Single Marital Status and Infectious Mortality in Women With Cervical Cancer in the United States
Unmarried status including single marital status is associated with increased mortality in women bearing malignancy. Infectious disease weights a significant proportion of mortality in patients with malignancy. Here, we examined an association of single marital status and infectious mortality in cervical cancer.Methods
This is a retrospective observational study examining 86,555 women with invasive cervical cancer identified in the Surveillance, Epidemiology, and End Results Program between 1973 and 2013. Characteristics of 18,324 single women were compared with 38,713 married women in multivariable binary logistic regression models. Propensity score matching was performed to examine cumulative risk of all-cause and infectious mortality between the 2 groups.Results
Single marital status was significantly associated with young age, black/Hispanic ethnicity, Western US residents, uninsured status, high-grade tumor, squamous histology, and advanced-stage disease on multivariable analysis (all, P < 0.05). In a prematched model, single marital status was significantly associated with increased cumulative risk of all-cause mortality (5-year rate: 32.9% vs 29.7%, P < 0.001) and infectious mortality (0.5% vs 0.3%, P < 0.001) compared with the married status. After propensity score matching, single marital status remained an independent prognostic factor for increased cumulative risk of all-cause mortality (adjusted hazards ratio [HR], 1.15; 95% confidence interval [CI], 1.11–1.20; P < 0.001) and those of infectious mortality on multivariable analysis (adjusted HR, 1.71; 95% CI, 1.27–2.32; P < 0.001). In a sensitivity analysis for stage I disease, single marital status remained significantly increased risk of infectious mortality after propensity score matching (adjusted HR, 2.24; 95% CI, 1.34–3.73; P = 0.002).Conclusions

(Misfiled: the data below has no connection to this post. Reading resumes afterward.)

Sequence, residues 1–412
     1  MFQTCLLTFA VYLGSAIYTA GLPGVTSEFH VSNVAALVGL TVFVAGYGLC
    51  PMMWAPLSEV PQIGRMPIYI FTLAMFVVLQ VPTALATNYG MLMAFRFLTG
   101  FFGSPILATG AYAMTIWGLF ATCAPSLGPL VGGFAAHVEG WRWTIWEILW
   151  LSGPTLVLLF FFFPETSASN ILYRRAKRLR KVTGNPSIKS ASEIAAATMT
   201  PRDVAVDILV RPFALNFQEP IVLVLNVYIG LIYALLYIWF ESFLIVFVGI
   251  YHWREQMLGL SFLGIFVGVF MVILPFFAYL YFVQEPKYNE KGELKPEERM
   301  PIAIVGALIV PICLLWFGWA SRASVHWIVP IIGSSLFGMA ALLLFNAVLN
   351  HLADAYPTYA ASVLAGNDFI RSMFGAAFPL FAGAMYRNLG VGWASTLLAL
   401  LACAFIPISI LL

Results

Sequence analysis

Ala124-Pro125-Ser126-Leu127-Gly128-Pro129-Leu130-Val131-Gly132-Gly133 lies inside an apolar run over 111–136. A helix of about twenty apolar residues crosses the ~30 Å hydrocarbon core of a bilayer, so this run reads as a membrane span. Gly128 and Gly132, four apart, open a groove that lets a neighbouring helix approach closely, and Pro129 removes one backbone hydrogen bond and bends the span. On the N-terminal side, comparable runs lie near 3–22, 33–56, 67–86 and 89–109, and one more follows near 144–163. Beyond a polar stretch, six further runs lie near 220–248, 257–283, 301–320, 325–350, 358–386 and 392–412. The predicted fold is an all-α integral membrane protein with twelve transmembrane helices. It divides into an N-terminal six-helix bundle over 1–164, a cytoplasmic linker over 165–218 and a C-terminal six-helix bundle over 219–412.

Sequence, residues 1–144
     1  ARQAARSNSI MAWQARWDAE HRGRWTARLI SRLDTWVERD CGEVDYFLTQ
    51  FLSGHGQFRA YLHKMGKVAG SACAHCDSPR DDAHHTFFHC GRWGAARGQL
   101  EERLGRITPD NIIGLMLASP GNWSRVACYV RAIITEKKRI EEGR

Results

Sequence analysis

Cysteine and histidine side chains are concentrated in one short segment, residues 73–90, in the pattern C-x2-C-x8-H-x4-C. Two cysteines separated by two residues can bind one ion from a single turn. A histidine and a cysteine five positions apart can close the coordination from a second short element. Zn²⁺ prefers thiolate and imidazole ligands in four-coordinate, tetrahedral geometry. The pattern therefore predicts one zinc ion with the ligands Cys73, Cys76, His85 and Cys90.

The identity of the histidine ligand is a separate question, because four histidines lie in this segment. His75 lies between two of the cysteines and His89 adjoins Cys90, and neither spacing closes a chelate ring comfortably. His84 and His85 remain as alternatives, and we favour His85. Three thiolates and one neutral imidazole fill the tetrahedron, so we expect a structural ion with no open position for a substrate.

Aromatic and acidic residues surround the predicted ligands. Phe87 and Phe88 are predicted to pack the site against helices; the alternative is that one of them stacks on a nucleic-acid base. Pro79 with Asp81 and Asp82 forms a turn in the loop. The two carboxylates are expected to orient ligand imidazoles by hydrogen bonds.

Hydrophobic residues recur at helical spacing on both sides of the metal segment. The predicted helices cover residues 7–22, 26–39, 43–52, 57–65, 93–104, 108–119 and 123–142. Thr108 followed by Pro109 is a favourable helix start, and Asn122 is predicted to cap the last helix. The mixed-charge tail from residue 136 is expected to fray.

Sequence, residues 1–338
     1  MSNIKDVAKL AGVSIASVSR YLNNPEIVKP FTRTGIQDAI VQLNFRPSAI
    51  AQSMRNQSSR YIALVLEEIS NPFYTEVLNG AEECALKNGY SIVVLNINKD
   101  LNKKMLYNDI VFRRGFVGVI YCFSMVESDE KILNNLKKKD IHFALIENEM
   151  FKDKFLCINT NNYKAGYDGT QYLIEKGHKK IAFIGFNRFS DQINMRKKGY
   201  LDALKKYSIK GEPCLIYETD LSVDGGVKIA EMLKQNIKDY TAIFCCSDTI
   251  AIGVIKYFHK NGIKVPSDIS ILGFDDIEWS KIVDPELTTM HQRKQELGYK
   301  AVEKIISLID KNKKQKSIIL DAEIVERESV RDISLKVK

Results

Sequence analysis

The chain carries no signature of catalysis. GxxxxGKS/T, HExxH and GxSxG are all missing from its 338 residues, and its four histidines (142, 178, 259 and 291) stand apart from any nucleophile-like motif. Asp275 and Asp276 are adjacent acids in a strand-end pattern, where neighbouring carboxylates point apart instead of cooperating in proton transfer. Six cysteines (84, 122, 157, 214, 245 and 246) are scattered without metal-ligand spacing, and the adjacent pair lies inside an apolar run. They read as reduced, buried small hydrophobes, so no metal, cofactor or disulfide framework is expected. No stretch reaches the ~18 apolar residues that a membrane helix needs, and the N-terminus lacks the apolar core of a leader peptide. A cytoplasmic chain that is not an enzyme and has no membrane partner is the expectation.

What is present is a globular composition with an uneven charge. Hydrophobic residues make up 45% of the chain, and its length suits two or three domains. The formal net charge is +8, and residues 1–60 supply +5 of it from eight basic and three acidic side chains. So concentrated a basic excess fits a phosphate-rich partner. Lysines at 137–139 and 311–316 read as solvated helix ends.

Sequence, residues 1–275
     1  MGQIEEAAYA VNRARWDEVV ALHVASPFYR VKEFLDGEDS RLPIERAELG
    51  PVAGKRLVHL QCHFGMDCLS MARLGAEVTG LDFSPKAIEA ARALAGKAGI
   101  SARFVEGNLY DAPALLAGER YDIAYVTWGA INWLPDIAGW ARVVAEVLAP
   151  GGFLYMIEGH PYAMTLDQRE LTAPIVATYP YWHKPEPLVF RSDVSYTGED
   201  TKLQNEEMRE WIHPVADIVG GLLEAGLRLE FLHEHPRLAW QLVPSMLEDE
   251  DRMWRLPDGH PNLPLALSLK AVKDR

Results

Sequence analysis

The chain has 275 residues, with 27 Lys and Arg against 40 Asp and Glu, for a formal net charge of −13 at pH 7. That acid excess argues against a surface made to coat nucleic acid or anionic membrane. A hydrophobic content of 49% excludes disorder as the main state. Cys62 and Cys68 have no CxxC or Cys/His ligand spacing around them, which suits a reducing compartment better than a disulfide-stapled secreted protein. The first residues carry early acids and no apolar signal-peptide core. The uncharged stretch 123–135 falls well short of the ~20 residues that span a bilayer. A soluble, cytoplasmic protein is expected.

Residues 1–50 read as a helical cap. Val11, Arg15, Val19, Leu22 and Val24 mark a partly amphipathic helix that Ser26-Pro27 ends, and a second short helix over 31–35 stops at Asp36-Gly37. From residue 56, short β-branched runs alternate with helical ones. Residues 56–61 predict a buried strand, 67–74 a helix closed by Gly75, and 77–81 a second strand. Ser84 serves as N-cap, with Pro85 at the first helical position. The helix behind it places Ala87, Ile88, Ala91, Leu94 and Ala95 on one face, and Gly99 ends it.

Single marital status was associated with increased infectious mortality in women with invasive cervical cancer.